If you’ve ever been in the market for a custom PC, you’ve probably considered building your own. But is building your own gaming PC really a good idea? Or is it better to just stick with the pre-built machines that are likely to give you a well-rounded experience?
In this article, we are going to discuss the pros and cons to building your own custom computer so that you can make an informed decision.
Let’s get started.
What are the Pros to Building Your Own Custom PCs?
There are many reasons why you might want to build your own PC.
- It’s Cheaper. Yes, it is cheaper to build your own PC rather than investing in a pre-built high-end workstation. This is because you can buy each part for a less expensive price than what it would cost to purchase an entirely new workstation.
- You Get What You Want. When you purchase a pre-built workstation or gaming computer from one of those massive OEMs, you rely on whatever options they decide to offer. This means that you could be paying for parts that you don’t need and don’t want. Piecing together your own system gives you exactly what you want – nothing more, nothing less.
- Sense of Pride. After all of the research, assembly, trouble shooting, and software installation, you’ll have something that you built yourself from the ground up. If that doesn’t instill a sense of pride, what will?
What are the Cons?
Custom PCs are not the best choice for everyone. Here are some drawbacks to think about.
- You Have to do Everything Yourself. You need to have at least a little background in computer parts in order to be successful at building your own PC. You will need to take the time and effort to install the hardware, configure it appropriately and work out troubleshooting issues.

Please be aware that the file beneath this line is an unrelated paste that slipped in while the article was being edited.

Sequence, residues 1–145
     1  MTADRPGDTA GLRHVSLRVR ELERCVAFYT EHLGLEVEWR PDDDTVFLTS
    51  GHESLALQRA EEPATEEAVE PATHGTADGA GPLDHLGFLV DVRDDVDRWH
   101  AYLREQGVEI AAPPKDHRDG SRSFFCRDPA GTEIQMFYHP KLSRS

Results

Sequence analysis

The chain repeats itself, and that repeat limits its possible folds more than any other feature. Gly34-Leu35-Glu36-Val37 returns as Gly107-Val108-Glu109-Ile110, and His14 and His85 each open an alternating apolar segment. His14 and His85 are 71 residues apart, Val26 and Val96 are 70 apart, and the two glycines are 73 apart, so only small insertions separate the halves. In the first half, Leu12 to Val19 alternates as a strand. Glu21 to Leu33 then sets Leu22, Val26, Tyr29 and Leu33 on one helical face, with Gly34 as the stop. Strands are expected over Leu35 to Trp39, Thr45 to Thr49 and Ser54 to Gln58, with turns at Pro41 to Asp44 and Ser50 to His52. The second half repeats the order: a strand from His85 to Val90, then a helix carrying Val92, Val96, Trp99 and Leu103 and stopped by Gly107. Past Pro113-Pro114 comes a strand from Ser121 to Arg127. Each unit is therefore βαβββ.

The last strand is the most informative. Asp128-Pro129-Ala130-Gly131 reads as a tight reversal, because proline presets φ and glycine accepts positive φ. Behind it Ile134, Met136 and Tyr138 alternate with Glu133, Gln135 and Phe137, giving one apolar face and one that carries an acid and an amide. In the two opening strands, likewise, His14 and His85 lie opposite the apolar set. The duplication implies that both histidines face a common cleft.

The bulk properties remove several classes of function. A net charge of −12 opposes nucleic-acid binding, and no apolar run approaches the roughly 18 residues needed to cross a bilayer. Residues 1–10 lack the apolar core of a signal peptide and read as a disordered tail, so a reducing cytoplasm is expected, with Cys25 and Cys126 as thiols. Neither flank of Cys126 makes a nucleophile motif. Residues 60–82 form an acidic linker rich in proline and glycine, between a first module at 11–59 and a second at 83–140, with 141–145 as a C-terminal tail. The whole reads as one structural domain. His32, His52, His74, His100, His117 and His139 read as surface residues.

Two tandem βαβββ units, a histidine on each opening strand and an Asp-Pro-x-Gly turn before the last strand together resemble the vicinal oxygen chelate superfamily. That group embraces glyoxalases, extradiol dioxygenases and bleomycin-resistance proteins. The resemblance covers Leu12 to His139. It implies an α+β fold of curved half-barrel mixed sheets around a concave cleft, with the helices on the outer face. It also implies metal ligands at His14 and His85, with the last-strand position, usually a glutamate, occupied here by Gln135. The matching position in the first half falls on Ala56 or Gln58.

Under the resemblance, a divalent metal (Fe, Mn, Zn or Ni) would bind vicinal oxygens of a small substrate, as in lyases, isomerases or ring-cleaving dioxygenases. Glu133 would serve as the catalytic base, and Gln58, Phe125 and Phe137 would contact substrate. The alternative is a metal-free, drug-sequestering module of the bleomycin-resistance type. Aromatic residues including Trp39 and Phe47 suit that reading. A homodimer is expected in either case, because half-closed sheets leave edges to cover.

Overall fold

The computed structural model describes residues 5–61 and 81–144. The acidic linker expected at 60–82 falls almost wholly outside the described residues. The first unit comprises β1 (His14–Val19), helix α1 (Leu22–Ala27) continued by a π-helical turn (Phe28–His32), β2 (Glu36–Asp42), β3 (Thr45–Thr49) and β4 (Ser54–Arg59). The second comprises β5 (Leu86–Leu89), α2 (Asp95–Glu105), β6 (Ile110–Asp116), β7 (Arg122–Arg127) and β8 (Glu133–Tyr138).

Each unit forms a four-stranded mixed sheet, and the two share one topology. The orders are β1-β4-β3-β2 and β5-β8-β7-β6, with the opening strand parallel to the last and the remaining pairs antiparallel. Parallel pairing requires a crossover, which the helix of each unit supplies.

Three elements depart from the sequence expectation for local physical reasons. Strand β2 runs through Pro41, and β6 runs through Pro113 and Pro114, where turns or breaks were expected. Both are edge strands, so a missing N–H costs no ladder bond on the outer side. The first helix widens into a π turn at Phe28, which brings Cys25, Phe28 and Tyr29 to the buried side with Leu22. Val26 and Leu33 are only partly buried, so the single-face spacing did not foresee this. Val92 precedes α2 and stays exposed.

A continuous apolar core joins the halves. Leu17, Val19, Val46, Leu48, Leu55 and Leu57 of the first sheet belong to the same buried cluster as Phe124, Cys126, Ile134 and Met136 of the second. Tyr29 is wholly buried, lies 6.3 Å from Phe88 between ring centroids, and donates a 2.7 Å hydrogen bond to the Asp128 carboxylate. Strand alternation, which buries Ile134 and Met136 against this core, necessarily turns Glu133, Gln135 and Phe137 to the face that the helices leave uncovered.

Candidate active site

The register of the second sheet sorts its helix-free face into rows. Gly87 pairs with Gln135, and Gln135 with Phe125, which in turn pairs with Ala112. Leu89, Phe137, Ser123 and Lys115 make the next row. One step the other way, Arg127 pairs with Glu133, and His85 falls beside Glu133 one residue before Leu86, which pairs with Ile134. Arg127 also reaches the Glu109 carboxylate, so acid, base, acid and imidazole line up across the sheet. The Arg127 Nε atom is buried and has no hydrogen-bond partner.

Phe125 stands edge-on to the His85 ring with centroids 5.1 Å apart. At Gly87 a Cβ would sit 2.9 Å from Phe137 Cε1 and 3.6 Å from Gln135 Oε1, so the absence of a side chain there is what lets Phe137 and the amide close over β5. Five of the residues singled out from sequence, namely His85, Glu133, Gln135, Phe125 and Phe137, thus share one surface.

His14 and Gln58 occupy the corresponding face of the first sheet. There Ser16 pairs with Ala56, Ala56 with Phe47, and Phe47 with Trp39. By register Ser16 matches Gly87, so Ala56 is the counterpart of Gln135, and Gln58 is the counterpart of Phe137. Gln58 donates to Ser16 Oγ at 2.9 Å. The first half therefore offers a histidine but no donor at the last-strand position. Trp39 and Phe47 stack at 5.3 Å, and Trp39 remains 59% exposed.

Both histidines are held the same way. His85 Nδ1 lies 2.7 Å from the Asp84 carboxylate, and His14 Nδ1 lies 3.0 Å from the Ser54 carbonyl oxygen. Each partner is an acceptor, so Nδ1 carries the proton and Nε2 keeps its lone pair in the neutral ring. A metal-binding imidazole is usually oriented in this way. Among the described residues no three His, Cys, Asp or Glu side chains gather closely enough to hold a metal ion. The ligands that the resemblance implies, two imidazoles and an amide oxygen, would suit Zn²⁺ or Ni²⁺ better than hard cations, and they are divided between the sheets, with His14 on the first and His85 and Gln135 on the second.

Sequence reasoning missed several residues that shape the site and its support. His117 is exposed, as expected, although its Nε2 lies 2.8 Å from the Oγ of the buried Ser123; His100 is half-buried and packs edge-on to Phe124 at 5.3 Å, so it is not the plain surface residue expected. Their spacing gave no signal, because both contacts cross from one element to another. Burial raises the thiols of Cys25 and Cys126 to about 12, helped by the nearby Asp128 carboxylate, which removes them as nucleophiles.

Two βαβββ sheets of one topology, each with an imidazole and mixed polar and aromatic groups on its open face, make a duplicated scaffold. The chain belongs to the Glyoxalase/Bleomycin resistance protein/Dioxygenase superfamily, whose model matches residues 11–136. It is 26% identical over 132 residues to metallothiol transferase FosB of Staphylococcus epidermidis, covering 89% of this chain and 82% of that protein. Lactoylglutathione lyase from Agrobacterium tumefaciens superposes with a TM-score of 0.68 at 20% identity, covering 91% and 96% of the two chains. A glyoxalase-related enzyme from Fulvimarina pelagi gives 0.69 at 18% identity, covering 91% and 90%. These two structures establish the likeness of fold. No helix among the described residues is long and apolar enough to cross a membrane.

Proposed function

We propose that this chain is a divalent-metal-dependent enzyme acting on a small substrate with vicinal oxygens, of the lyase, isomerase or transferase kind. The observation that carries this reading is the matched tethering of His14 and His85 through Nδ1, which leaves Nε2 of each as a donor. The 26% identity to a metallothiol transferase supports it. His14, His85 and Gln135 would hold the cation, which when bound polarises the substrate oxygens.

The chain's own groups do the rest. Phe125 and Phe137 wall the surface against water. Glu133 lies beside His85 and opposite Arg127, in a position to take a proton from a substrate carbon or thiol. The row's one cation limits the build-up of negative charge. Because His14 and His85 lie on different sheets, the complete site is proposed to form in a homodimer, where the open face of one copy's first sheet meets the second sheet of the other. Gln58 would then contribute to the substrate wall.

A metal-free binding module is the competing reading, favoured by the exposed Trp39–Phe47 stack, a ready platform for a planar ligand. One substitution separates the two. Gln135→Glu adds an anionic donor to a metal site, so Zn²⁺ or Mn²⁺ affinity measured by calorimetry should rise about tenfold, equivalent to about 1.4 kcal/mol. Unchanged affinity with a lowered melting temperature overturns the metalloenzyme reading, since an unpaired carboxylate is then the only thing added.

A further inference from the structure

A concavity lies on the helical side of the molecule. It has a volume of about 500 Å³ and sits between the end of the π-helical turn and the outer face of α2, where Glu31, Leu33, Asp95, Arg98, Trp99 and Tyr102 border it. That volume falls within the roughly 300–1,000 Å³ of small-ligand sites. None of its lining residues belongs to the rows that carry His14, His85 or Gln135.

- No Support. There is no support available like you would get with a preassembled laptop. For instance, Velocity Micro has an entire PC Support Hub that includes tutorials, warranty information, customer service and an FAQ directory. Plus, all support is based in the U.S.
- No Complete Warranty. All computer parts have a risk of failing, so it’s important to be familiar with your warranty and what it covers. Rather than having an all-encompassing warranty for your gaming computer, you’ll only have warranties for specific parts. And chances are, if something goes wrong, one manufacturer will blame the other.
As you can see, there are both pros and cons to building a custom PC. It all comes down to what you want/need in your workstation, how much you’re willing to pay and whether or not you feel comfortable having separate help desks and warranties.
If you’re still on the fence about what to do, we encourage you to browse the extensive selection of computers and laptops from Velocity Micro. They offer the best of both worlds: custom features with all the benefits (i.e., lifetime support, complete warranties) of a preassembled system.
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